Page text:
Mocking religion is not a requirement for scientific literacy
My inner nerd is delighted that Queen Elizabeth II chose a spacewoman as her new governor general of Canada on Oct. 2. Julie Payette was previously an astronaut with the Canadian Space Agency, flying two space shuttle missions and working at mission control in Houston. After her space career, among other things she worked as the chief operational officer of the Montréal Science Centre. In her new job as governor general, she is responsible for many of the functions of the head of state.
Unfortunately, some of her recent comments about science have caused controversy. Addressing the recent Canadian Science Policy Convention in Ottawa, Ms. Payette said that science literacy has a long way to go. Everyone is expected to know who Beethoven is, she pointed out, but not what neutrinos are. She expressed dismay that some people still distrust vaccines, question whether global warming is caused by human activity, think that “taking a sugar pill will cure cancer” and believe in astrology. But her most controversial comment was “that we are still debating and still questioning whether life was a divine intervention or whether it was coming out of a natural process, let alone—oh my goodness, lo and behold—[a] random process.”
Ms. Payette has been praised by Prime Minister Justin Trudeau and others for her frank defense of the importance of science but also criticized for mocking the religious beliefs of many citizens. Rarely does a speech from someone who is supposed to be scrupulously nonpartisan reverberate so loudly in the Canadian media. But how should a Catholic assess Ms. Payette’s comments?
Ms. Payette, the new governor general of Canada, has been criticized for mocking the religious beliefs of many citizens.
It is hard to know exactly what she meant. Was she referring specifically to the origin of life itself billions of years ago—which is in fact still not understood by science—or more generally to the evolutionary process which shaped present-day life? Further, what is the significance of her distinction between “natural” and “random” processes?
Without more specifics, we can only comment on the notion that divine intervention is at odds with scientific explanation, but there are some points worth making. For now, let us restrict ourselves to the question of the evolution of life.
First, the term “divine intervention” is infelicitous in this context. Normally, you intervene when something has gone wrong, but the Christian view is that creation, especially life, is fundamentally good. Further, the church is clear that the sciences can and should explore the development of life, as long as they do not overstep their spheres of competence by claiming that God is absent from the process—or, when it comes to human beings, by claiming that man’s spiritual dimension merely emerged out of natural processes. (The human soul, the church teaches, is created directly by God.)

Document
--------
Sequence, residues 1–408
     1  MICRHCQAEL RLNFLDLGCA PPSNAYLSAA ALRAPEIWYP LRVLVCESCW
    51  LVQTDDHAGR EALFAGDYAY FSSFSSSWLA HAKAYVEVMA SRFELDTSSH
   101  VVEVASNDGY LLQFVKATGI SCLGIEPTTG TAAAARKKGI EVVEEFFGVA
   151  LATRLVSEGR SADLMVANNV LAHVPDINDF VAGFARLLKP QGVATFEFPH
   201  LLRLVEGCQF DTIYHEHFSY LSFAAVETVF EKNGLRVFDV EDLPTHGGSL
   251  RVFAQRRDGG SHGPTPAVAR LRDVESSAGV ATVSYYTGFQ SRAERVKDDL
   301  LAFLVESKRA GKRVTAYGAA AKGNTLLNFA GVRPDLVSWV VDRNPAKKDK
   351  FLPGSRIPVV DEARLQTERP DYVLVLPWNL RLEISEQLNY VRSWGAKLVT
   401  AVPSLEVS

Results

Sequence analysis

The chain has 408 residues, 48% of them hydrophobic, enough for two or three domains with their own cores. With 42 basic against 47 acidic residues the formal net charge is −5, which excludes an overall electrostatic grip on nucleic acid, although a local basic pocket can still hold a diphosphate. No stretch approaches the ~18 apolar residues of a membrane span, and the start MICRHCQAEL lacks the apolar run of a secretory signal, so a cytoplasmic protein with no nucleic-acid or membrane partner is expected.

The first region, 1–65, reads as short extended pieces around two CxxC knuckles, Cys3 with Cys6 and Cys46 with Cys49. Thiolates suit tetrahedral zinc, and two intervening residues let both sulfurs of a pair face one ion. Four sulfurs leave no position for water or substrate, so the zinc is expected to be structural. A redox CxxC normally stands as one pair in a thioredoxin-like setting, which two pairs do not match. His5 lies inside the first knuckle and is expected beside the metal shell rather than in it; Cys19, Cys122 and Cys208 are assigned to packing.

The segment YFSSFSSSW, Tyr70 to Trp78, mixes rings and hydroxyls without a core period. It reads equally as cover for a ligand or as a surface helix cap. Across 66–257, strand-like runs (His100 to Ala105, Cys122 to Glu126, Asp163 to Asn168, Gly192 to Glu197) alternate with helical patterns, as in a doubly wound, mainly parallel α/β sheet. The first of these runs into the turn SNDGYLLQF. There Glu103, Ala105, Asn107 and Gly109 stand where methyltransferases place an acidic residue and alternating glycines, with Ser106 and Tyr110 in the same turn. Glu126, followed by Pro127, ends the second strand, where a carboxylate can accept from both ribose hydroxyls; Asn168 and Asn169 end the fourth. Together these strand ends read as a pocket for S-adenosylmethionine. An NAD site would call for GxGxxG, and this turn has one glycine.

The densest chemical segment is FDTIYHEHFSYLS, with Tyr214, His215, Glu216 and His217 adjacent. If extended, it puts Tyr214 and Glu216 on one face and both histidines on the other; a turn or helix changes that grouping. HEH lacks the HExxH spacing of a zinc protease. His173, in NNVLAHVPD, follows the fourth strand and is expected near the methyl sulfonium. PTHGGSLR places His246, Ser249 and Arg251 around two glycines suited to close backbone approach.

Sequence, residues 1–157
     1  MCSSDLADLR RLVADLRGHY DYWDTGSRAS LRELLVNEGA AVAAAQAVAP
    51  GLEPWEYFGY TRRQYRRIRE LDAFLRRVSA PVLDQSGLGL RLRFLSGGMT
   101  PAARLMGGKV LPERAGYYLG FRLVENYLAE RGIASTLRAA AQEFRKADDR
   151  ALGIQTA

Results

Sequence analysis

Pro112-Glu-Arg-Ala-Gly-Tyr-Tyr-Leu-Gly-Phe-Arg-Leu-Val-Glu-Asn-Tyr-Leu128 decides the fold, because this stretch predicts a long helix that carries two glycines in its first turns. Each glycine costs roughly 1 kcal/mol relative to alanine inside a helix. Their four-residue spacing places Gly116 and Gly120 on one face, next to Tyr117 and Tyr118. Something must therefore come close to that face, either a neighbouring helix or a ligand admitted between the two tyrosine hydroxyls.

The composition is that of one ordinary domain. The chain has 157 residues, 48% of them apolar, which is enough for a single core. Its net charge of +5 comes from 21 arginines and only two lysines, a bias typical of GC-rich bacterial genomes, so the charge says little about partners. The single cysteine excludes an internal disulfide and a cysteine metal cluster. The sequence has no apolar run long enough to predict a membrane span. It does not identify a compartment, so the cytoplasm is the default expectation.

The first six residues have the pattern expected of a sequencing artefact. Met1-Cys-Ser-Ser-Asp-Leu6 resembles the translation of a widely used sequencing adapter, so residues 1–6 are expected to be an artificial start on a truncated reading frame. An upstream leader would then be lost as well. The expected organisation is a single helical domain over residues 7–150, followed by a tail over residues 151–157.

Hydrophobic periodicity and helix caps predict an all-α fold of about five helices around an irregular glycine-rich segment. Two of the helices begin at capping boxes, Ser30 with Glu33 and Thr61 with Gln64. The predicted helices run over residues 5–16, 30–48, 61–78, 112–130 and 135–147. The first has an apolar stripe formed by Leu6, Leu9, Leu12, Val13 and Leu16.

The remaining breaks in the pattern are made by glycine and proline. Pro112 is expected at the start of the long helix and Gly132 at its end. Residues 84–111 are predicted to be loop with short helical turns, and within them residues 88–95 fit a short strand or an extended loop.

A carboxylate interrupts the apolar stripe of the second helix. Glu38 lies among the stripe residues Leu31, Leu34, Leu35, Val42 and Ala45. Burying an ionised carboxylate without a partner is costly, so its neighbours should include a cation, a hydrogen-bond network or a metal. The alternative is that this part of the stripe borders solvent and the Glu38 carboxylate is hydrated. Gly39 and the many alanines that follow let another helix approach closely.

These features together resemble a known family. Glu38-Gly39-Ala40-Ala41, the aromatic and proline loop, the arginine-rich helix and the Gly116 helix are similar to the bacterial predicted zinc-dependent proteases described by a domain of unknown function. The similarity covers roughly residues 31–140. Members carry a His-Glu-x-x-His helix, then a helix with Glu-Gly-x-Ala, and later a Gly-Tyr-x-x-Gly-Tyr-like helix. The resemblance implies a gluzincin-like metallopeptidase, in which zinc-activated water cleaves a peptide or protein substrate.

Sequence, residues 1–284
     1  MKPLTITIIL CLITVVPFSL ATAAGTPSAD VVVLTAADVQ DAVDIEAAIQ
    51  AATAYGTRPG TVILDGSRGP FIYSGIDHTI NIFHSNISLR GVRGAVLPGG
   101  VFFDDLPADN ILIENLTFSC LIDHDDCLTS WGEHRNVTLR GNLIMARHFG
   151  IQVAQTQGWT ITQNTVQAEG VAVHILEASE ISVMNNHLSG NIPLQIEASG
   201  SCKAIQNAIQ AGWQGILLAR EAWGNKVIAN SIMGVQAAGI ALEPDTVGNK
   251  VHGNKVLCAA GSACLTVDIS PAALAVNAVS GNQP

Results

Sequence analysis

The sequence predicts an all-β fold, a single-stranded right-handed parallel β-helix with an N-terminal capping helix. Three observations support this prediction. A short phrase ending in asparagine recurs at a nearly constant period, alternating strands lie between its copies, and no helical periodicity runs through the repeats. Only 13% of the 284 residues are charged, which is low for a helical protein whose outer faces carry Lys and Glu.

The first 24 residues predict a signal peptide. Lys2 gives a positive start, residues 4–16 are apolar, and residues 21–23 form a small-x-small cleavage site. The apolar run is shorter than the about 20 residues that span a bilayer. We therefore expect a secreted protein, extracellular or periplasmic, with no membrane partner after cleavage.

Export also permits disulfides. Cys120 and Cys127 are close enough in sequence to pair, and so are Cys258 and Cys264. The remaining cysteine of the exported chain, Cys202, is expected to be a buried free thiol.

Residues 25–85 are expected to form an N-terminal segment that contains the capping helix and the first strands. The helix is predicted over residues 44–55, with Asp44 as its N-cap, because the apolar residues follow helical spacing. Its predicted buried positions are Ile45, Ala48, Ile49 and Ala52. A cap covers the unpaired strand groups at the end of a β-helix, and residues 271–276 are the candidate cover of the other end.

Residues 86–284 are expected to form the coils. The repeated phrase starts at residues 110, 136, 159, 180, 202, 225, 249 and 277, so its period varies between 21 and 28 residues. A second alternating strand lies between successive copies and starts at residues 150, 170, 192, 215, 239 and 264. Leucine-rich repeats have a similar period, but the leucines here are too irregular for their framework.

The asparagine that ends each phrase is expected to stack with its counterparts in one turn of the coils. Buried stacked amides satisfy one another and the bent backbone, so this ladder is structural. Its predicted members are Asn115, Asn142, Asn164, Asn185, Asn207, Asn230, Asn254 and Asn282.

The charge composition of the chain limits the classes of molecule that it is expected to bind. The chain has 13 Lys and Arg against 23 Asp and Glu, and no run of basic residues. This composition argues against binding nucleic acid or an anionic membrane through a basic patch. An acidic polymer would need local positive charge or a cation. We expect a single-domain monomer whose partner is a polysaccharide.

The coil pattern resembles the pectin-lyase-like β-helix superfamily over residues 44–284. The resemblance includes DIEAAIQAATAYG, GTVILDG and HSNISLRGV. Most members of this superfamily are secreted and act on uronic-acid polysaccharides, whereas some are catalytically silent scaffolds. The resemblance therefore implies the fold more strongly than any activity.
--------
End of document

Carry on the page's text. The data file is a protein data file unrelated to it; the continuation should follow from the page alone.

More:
The church is clear that the sciences should explore the development of life, but without claiming that God is absent from the process.
At this point we can run into trouble if we simply state that religion and science must “coexist” or only say that they are “compatible.” While such formulations are by no means false, they make it sound as though it is a game of give-and-take—as though science explains some bits of the development of life, but other bits are performed by God. They could lead people to think that God is just another physical agent in the process, only one that is for some reason hidden from the scrutiny of science.
The traditional distinction between “primary” and “secondary” causality is what is relevant here. God is the cause of everything in the cosmos because he is the Creator. By creating out of nothing, he holds everything in being. Furthermore, by creating through his Word he imbues the universe with intelligibility and order. This means that cause and effect really do exist in the physical world—that, for instance, natural selection can be a real cause of the development of biological life. God as Creator is the primary cause, and the causes in nature are secondary. This does not mean that secondary causes are otiose or illusory. Without them, nothing would happen in the world. It is the way God has chosen to make our universe tick. In one sense, natural causes operate independently since they do not need God to poke his finger into things and make continual adjustments. In another sense, though, they are not at all independent, since their existence, rationality and ultimate purpose always depend completely on God.
None of this is to say that there is no such thing as miracles or actions of God that appear in some sense to suspend scientific laws. But tackling the topic of miracles would be a much longer discourse and is not what I am interested in getting at here. The point is that the Christian conception of God’s guidance of the material world is not at all a hindrance to scientific literacy, as Ms. Payette may have meant to suggest. In fact, it is a lack of philosophical and religious literacy that leads to the notion of a zero-sum game: God or science. In reality, God is the ultimate grounds of the principles and causal structures necessary for biology or any other science to work and unfold. God is not in competition with science. He makes it possible.